FIGURE 9. The god Tlaloc holding a digging stick, from folio 20r of the Codex Borgia (a prehispanic screenfold almanac probably painted in Tlaxcala).
FIGURE 10. The sacred bundle of Tezcatlipoca in the main temple of Texcoco (upper right-hand corner): Cell 41 of the Lienzo de Tlaxcala.
FIGURE 11. The god Camaxtli, from folio 25v of the Codex Borgia (a prehispanic screenfold almanac probably painted in Tlaxcala).
FIGURE 12. Cholula: Cell 11 of the Lienzo de Tlaxcala. The temple of Quetzalcoatl is to the left, marked by a snake and a long feather. Priests are indicated by their grey skin, darkened with soot.
FIGURE 13. The goddess Mayahuel, from folio 68v of the Codex Borgia (a prehispanic screenfold almanac probably painted in Tlaxcala). Her body is superimposed over the pointed blue and red leaves of a maguey cactus, its roots exposed below.
FIGURE 14. Tonanycacan: Cell 25 of the Lienzo de Tlaxcala.
FIGURE 15. Andesite statue of Chalchiuhtlicue, “She of the Jade Skirt,” goddess of water and childbirth. London, British Museum, Registration Number Am,St.373.
FIGURE 16. Late Postclassic clay figurines from western Morelos. Temple: YPM ANT 257094, 5 9/16” length, 3 1/4” width. Woman: YPM ANT 257083, 2 5/8” length, 1 7/16” width. Warrior: YPM ANT 257417, 3 1/2” top to bottom, 2 1/2” arm span. Photos courtesy Peabody Museum of Natural History, Yale University, New Haven, Connecticut, USA.
FIGURE 17. Late Postclassic clay figurine of Tlaloc from western Morelos. 9 1/2” length, 3 1/8” width. Photo of YPM Ant 257095 courtesy Peabody Museum of Natural History, Yale University, New Haven, Connecticut, USA.
People throughout Mesoamerica worshipped very similar gods with similar attributes, although these divinities had different names in different places. In Nahua-speaking lands, for example, the Rain god was called Tlaloc. To the south, in the Oaxacan lands of the Ã’udzavui, the Rain god was called Dzavui. In both places, however, he wore blue goggles around his eyes, and had a distinctive curving blue lip (Figure 9).
Despite this regionally-shared pantheon, individual communities would often place special emphasis on one or two deities—much in the way that antique Greek city-states would build their most important temples to one or another of the gods of Olympus. In the ceremonial center of Tenochtitlan, for example, the main pyramid was topped with two separate temples, each honoring a different deity. On the left was the temple was dedicated to Tlaloc, god of rain. On the right was a temple dedicated to Huitzilopochtli (“Hummingbird-on-the-Left”), the war-loving patron god of the Mexica. Seldom represented, he wore a hummingbird helmet on his head, and seems to have been guarded within his temple as a sacred bundle. According to the Lienzo de Tlaxcala, the main temple of the lakeside town of Texcoco—one of the three partners in the Triple Alliance—housed the sacred bundle of the stripe-faced Tezcatlipoca, (“Smoking Mirror”), god of rulership and divination (Figure 10). To the east, in the Valley of Puebla, the main temple of the Tlaxcalan altepetl of Ocotelulco was dedicated to Camaxtli, god of war and the hunt.22 His skin was striped red and white, and he wore a dark mask of face paint around his eyes and nose (Figure 11). Some thirty kilometers to the south of Tlaxcala, in the sacred city of Cholula, the main temple was dedicated to Quetzalcoatl (“Feathered Serpent”). Closely linked to Ehecatl, the wind god (whose red-beaked buccal mask he often wears), Quetzalcoatl was said to have created humans at the beginning of the fifth age of creation (Figure 12).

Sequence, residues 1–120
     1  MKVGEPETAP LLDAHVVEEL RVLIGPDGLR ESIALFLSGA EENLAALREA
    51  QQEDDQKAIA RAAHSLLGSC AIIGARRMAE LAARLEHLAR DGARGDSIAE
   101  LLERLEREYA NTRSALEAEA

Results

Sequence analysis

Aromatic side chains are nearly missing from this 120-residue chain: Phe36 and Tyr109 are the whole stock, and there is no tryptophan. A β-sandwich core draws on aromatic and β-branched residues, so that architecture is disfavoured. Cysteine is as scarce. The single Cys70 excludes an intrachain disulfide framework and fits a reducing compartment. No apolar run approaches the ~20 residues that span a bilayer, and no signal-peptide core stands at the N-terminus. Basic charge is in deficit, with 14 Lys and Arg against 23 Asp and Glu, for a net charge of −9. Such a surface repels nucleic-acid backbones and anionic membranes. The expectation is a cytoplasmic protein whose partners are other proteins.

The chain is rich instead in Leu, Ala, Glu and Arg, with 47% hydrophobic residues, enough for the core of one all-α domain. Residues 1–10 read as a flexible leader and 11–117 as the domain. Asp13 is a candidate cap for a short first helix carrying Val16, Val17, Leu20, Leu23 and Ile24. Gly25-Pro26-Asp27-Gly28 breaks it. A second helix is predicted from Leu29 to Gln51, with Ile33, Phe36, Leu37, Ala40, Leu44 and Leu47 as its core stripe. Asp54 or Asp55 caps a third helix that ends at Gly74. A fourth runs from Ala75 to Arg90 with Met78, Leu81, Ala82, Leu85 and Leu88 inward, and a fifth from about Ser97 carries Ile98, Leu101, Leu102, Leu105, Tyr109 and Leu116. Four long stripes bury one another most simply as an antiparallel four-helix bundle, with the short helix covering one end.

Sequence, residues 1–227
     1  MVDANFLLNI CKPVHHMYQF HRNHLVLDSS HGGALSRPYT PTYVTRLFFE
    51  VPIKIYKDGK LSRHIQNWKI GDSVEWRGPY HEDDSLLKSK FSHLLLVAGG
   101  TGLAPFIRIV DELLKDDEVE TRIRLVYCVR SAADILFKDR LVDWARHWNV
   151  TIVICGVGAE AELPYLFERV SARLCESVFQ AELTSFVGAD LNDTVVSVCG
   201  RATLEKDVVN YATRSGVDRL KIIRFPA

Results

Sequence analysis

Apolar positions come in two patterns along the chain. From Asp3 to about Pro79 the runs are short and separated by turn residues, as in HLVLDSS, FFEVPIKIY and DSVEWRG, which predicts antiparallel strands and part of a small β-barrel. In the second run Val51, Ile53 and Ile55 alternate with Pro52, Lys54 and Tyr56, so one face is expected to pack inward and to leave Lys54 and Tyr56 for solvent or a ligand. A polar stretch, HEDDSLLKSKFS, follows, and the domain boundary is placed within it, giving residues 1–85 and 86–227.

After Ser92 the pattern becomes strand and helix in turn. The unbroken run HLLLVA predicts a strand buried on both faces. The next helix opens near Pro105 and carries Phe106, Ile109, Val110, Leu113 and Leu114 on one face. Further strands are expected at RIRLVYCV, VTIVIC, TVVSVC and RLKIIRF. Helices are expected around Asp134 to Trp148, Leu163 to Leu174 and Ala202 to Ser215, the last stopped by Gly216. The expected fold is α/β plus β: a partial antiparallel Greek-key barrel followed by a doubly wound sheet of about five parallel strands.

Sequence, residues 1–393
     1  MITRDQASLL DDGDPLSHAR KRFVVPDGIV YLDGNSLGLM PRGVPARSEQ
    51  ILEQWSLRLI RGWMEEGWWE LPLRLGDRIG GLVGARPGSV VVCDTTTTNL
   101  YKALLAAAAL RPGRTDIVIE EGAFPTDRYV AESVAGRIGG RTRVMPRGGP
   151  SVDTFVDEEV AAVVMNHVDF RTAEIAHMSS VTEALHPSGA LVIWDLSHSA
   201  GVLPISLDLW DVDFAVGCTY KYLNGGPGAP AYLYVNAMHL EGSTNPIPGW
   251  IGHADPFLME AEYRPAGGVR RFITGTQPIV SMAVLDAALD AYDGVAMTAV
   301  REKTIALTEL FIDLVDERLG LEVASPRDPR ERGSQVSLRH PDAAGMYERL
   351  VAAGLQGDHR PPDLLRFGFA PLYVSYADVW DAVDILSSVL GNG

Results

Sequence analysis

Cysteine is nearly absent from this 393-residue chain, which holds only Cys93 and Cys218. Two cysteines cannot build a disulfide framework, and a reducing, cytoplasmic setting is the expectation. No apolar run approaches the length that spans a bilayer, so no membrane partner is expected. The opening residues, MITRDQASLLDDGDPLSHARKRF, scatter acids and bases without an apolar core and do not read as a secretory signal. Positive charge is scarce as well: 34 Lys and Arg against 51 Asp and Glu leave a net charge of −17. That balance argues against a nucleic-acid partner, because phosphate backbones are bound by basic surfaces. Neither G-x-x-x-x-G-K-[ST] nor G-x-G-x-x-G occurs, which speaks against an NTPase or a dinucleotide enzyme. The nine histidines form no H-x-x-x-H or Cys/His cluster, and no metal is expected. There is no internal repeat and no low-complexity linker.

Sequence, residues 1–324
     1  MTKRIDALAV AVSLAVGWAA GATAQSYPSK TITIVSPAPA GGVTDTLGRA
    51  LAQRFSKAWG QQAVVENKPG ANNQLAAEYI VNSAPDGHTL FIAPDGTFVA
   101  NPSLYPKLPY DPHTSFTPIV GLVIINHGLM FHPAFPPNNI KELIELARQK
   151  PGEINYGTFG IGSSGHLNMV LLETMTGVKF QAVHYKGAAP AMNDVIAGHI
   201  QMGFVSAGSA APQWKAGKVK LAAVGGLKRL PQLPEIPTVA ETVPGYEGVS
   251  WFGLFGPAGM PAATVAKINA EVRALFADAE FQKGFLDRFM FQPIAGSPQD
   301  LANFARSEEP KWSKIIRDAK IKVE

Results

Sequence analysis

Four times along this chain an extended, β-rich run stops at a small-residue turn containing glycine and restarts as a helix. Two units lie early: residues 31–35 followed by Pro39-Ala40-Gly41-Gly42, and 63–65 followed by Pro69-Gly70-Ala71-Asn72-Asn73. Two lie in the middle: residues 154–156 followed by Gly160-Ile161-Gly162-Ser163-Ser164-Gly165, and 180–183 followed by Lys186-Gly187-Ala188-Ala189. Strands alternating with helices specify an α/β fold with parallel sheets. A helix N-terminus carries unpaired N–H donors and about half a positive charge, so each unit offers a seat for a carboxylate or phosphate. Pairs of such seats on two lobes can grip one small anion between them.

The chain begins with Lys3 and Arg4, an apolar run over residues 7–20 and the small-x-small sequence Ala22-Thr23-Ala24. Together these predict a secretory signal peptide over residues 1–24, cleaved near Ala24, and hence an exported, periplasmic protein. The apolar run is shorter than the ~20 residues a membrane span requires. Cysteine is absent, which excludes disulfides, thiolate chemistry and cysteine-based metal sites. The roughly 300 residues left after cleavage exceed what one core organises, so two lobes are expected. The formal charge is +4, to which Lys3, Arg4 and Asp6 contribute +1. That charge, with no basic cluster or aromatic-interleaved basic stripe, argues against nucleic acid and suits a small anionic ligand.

Of course, not all Central Mexican deities were male. Mayahuel, her jaw painted blue, was goddess of the maguey cactus (Figure 13). Xochiquetzal (“Flower-Quetzal” was a goddess of fertility. Cell 25 of the Lienzo de Tlaxcala shows the conquest of Tonanycacan, a place name that means “On the Face of Tonantzin” (Figure 14). Tonantzin, “Our Reverend Mother,” was general title applied to a number of different female deities—and, with the arrival of Christianity, to the Virgin Mary as well.23 The embracive title Tonantzin points to an important feature of Central Mexican—indeed, Mesoamerican—gods and goddesses. Iconographically, these gods and goddesses are usually identified by their face paint, jewelry, and clothing. However, a number of studies have shown that styles of face paint and jewelry and costume are often mixed together from one deity to another, so that the boundaries between different gods and goddesses are often blurred.24 In addition, although most Central Mexican deities were represented in human form, their names often referred to natural forces and substances (Ehecatl as “Wind,” Tonatiuh as “Sun”). The shifting, mixing nature of Mesoamerican divine costume may have been meant to capture the shifting and interconnected qualities of natural phenomena. Wind can come as a soft breeze or a hurricane. Rain can be a gentle shower or a torrential wind-swept downpour. The sun can warm, or burn, and looks very different at dawn, midday, and sunset.